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China has made tremendous strides in improving food security for its population, but in certain areas, this has come at the expense of the environment. Faced with the absence of a cost-effective carbon accounting methodology, FAO together with the Chinese Academy of Agriculture Science, the World Agroforestry Center and the Northwest Institute of Plateau Biology, developed a new " Verified Carbon Standard (VCS) methodology " to give Chinese farmers the tools to manage their animals and grasslands more sustainably in the years to come. The VCS methodology quantifies emission reductions from a range of activities including, improving the rotation of grazing animals between summer and winter pastures, limiting the timing and number of grazing animals on degraded pastures, and restoration of severely degraded grasslands. The methodology is currently applied to the Three Rivers Sustainable Grazing Project, to restore degraded grasslands in Qinghai province, in northern China. The average annual mitigation potential in the first 10 years of implementation are an estimated 63 000 tonnes of CO2 eqv. per year. Until now, carbon sequestration projects in grasslands have been hampered by high measurement and monitoring costs. By focusing on the monitoring of practices, the VCS methodology overcomes this major hurdle, allowing farmers to access new sources of finance to restore grasslands, produce more, raise household incomes and contribute to food security. Considering the varied drivers of grassland degradation, this new methodology quantifies emission reductions from a range of activities including, improving the rotation of grazing animals between summer and winter pastures, limiting the timing and number of grazing animals on degraded pastures, and restoration of severely degraded grasslands. It also includes a comprehensive module for quantifying any displacement of emissions from livestock leaving the project area. The VCS methodology at work An overabundance of livestock can lead to overgrazing, which in turn can lead to land degradation. This is the dilemma currently being faced by herders in the Qinghai region in which, at present, 38% of grasslands have been degraded. The goal of Three Rivers Project, with the new VCS methodology at its core, is to restore degraded grazing lands and sequester soil carbon, while simultaneously increasing productivity, building resilience, and improving livelihoods in smallholder herder communities. Under the proposed pilot, yak- and sheep-herding households have selected a combination of management options related to grazing intensity, grass cultivation and animal husbandry, chosen to fit their specific land use. In addition, they also have access to a package of complementary measures, such as the introduction of improved feeding, winter housing, post-farm processing and marketing activities. Helping herders through the adjustment phase This endeavor requires those involved to think in the long term. Overall, in the first ten years, herders will have fewer but more productive livestock. However, given that the land is currently about 48% overstocked, considerable reductions in income are expected in the early stages, with incomes expected to grow in the following years. In the beginning, herders will be reimbursed for their losses, with compensation being decreased progressively until year 10. After the first 10 years, households will be able to increase their herds beyond the preliminary levels without the risk of overgrazing. In this way, the increased availability of forage will enable higher incomes and higher productivity, and provide the incentive for long-term sustainable management. Building resilience to climate change pays for itself By improving soil moisture and nutrient retention in soils, grassland restoration plays an important role in building resilience to climate change. The Three Rivers project is estimated to reduce the amount of Equivalent carbon dioxide (CO2e) in the area by 63 000 tonnes per year. This is how the project will pay for itself: investment costs, including herders’ compensation, grass planting, fencing, and animal housing, will be financed through the voluntary carbon market. The methodology can be applied worldwide, especially in grassland-rich countries, to sustainably feed a growing population while lowering their carbon footprint.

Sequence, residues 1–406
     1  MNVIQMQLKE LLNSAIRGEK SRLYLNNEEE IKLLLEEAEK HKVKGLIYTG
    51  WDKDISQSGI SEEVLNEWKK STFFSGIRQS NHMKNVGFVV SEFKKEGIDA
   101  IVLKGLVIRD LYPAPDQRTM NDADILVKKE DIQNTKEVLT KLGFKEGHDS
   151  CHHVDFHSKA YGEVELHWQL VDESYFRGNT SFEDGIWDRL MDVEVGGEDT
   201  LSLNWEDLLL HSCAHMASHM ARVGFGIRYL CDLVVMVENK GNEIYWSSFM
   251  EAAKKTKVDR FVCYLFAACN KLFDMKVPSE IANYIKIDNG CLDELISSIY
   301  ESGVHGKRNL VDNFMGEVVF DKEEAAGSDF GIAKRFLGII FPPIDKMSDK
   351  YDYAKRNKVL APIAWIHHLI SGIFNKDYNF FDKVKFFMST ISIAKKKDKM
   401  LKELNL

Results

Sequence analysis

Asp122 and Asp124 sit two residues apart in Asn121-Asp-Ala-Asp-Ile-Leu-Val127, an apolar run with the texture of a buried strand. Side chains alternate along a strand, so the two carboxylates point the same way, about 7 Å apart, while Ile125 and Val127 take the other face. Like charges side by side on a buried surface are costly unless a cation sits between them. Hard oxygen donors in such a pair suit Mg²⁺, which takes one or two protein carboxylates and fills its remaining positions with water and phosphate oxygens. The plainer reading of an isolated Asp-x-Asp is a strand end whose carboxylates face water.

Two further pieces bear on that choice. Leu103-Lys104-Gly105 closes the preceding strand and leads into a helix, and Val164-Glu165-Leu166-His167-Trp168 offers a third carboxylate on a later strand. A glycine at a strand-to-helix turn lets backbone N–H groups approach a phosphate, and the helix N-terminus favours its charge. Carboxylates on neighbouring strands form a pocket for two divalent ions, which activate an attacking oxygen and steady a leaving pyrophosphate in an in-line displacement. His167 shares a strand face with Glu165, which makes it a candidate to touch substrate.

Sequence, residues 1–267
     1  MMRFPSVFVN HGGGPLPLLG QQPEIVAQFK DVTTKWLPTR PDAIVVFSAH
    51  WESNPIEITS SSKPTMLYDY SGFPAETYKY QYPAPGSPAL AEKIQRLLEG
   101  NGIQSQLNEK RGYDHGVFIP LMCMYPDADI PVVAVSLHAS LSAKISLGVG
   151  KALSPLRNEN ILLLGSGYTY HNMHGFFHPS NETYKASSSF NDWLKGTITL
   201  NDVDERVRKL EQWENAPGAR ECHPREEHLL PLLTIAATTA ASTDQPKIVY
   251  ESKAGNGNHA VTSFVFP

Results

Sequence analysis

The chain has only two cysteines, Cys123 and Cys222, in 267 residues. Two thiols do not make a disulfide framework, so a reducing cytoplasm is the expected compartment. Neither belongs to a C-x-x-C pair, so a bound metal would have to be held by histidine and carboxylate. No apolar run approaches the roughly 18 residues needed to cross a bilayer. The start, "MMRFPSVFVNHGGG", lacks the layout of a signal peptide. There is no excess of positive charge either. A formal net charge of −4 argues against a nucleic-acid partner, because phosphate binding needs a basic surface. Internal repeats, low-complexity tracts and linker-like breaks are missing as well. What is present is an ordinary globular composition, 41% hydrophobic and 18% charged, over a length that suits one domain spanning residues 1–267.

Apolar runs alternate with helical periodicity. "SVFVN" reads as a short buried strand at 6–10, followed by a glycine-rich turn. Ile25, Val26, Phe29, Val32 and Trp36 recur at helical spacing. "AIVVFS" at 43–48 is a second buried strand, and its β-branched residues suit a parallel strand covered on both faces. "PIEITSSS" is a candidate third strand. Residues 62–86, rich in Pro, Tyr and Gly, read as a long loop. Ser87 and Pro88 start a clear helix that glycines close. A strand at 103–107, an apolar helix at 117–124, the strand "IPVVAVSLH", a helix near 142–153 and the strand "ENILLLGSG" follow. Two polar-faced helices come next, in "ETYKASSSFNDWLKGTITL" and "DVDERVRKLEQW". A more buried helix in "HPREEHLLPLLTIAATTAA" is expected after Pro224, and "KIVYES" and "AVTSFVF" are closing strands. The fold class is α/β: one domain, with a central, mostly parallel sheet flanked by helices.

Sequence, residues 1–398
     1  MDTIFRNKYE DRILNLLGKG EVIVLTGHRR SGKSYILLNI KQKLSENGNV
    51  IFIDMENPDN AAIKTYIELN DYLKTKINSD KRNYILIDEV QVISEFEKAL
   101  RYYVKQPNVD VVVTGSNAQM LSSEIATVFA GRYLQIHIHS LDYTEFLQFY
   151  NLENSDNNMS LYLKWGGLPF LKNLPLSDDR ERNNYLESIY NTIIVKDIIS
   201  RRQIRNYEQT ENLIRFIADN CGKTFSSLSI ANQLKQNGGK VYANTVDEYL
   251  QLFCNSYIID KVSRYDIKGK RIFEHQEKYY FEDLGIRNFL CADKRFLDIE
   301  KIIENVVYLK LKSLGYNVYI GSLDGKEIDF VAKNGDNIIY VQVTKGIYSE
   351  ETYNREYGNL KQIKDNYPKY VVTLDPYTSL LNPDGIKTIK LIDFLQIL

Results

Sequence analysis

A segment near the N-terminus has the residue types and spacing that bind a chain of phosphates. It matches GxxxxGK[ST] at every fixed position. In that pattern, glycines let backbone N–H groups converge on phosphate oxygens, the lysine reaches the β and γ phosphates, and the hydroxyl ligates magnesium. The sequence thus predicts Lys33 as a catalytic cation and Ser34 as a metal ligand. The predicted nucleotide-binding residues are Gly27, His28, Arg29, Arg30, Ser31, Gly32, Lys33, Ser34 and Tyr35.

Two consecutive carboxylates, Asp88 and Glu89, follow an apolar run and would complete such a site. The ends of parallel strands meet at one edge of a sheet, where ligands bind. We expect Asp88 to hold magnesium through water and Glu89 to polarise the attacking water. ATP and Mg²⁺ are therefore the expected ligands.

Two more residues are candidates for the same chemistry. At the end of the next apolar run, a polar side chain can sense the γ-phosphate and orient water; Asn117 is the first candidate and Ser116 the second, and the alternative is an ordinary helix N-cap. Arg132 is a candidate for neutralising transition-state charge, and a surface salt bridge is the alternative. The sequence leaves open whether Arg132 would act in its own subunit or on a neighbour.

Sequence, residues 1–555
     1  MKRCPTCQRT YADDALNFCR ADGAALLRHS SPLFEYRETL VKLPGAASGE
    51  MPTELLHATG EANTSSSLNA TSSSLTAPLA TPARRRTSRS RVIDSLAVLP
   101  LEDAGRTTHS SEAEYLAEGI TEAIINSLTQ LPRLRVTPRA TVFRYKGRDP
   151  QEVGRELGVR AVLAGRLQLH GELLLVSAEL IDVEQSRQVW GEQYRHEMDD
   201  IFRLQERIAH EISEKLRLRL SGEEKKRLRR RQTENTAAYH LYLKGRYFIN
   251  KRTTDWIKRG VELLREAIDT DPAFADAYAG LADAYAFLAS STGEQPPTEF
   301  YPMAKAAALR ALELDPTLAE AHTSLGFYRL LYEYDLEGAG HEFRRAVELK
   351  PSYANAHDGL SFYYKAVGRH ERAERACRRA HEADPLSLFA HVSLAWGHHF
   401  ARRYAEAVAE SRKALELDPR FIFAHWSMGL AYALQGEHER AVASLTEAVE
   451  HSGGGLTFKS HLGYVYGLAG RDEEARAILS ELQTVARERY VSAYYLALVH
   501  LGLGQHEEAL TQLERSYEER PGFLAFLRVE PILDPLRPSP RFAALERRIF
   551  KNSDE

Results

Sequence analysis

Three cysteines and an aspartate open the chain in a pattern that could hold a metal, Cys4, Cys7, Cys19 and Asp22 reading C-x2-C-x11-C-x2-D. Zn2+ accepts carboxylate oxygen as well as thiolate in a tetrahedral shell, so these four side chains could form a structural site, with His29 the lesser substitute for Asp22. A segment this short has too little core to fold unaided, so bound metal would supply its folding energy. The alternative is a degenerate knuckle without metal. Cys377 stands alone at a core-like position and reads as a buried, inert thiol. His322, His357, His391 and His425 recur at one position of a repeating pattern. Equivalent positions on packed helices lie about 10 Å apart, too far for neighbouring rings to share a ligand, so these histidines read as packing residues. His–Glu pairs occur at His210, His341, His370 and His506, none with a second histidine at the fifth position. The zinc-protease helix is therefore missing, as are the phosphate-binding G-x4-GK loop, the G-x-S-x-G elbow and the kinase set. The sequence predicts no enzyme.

Wendlandt S.,Institute of Farm Animal Genetics | Shen J.,China Agricultural University | Kadlec K.,Institute of Farm Animal Genetics | Wang Y.,China Agricultural University | And 5 more authors.